The Fourth meeting of the United Nations Forum on Forests took place in Geneva. Government delegates spent two weeks pretending to address the problems that affect forests, but the truth is that the few things that deserve mentioning happened outside the official meeting rooms (see section on UNFF below).
The International Alliance of Indigenous and Tribal Peoples of the Tropical Forests, the Global Caucus on Community Based Forest Management and a group of organizations which presented an open petition for the UNFF to establish a global ban on genetically-modified trees, did the best they could to put the real issues on the table, but deafness prevailed and only some few government delegates appeared to be listening.
Even worse: they didn't even seem to listen to each other. There was almost no dialogue or debate: monologues prevailed. Each one said whatever they had been instructed to say, regardless of what the previous speaker had expressed. No one questioned reports presented by governments on how well they were implementing agreements for forest conservation, when they and we know that forests continue to disappear at an alarming rate.
Perhaps the following example on the lack of dialogue and debate will serve to illustrate the above. The social and cultural aspects of forests was one of the major agenda items of UNFF 4. A researcher from the Center for International Forestry Research (CIFOR) presented the official UN paper on that topic. The presentation highlighted some of the issues that indigenous peoples' organizations and their allies have been insisting on for years, among which: the need of secure land tenure for traditional knowledge holders, the loss of traditional knowledge resulting from the eviction of indigenous peoples from protected areas and the lack of decision making power on forests by indigenous peoples.
The following step should have been to open up the floor for an open discussion based on that presentation, aimed at finding common grounds to move forward on so important issues -or at least to clearly identify the existing differences. But nothing happened. Thank you very much Mr. speaker and now let's continue our dialogue of the deaf.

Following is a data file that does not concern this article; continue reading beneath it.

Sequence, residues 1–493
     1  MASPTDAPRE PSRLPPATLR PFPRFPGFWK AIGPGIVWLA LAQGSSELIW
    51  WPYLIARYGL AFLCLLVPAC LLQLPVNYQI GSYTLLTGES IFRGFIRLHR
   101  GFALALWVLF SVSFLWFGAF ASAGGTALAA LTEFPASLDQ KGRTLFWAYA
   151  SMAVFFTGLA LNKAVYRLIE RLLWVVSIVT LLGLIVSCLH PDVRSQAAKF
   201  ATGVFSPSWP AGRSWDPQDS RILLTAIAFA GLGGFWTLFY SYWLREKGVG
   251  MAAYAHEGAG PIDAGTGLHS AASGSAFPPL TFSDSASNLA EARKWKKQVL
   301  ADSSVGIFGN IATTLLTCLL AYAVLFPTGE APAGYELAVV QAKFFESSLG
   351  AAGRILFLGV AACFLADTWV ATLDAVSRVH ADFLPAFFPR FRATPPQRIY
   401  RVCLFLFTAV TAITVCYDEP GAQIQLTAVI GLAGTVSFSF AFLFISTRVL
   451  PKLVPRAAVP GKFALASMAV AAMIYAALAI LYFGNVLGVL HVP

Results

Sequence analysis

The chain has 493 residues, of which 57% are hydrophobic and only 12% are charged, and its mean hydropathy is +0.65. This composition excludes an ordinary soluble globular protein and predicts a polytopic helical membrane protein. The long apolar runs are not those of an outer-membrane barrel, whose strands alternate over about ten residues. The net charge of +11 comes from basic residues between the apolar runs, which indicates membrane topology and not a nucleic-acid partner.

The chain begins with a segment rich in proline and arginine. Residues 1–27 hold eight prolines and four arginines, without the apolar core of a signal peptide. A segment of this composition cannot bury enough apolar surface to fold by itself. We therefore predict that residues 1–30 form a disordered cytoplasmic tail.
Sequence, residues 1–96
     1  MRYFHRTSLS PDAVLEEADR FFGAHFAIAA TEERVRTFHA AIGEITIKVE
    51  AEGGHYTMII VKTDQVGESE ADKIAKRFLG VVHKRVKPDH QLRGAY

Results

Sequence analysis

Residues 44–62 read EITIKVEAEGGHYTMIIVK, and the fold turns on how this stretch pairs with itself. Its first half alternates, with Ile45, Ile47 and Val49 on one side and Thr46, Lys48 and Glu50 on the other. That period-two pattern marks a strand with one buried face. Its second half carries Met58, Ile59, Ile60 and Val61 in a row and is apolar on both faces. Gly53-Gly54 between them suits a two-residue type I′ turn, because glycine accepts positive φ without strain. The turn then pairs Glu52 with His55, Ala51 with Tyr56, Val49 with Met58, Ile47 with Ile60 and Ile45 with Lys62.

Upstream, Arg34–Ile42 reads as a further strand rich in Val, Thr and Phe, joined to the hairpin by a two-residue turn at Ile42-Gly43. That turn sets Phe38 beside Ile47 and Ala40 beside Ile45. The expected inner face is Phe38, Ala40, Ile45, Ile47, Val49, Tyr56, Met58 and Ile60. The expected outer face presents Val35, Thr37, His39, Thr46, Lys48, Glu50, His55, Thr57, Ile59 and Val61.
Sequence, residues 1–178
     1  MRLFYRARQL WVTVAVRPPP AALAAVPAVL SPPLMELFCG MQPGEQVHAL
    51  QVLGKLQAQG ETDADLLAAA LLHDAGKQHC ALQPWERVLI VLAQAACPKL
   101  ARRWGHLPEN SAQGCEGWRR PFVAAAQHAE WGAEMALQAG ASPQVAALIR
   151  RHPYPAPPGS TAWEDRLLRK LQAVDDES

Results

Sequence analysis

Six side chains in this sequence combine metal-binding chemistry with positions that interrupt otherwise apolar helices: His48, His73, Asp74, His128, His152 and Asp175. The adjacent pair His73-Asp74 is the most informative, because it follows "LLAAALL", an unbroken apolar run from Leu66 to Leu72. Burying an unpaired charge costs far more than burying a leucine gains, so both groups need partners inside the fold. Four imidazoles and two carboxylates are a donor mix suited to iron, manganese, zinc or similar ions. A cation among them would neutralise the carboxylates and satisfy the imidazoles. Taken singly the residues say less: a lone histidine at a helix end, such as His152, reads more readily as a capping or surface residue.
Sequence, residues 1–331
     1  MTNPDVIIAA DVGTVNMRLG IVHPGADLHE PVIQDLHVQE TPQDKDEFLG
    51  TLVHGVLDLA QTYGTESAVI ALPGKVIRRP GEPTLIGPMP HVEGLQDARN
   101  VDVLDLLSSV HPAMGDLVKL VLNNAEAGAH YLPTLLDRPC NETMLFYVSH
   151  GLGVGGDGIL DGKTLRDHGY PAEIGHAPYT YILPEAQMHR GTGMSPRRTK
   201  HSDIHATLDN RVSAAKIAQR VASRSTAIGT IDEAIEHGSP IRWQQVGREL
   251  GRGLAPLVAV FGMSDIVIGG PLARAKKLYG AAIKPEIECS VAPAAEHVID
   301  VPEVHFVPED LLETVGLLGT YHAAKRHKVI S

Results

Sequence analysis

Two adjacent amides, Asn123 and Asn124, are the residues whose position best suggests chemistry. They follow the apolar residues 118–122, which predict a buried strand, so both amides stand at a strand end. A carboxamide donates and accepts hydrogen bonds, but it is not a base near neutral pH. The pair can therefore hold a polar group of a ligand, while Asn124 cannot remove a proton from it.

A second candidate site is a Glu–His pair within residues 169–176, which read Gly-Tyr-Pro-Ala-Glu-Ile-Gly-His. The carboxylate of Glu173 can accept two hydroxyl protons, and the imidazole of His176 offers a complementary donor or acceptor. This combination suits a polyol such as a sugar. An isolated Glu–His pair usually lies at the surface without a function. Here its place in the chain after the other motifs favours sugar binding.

It is sad that these things have to be said about a United Nations process, particularly in a world increasingly dominated by a superpower -itself dominated by super-corporations. However, it is not the fault of those who criticize the UNFF process if the process itself does nothing to get its act together and to begin to address the real issues.
One quick look at the contents page of this bulletin is enough to see what the real issues are and where the solutions lie. It is clearly useless to organize Multi Stakeholder Dialogues in distant northern cities such as Geneva, while the voices of the real stakeholders –or, indeed, the rights-holders- who live in and around the forests are not even heard in their own country. It is clearly useless to make official presentations on the implementation of agreed upon commitments for forest conservation while other officials –North and South- implement policies that result in the disempowerment of local peoples and in the destruction of forests.
Perhaps a small ray of hope about the usefulness of this process lies in the support that the UNFF secretariat and some governments are giving to an international expert meeting on traditional forest related knowledge being organized by the International Alliance of Indigenous and Tribal Peoples of the Tropical Forests. The meeting will take place next December in Costa Rica, hosted by the government of this country.
The question will then be: will the UNFF listen –truly listen- to the voice of the real experts –the people that live in the forests?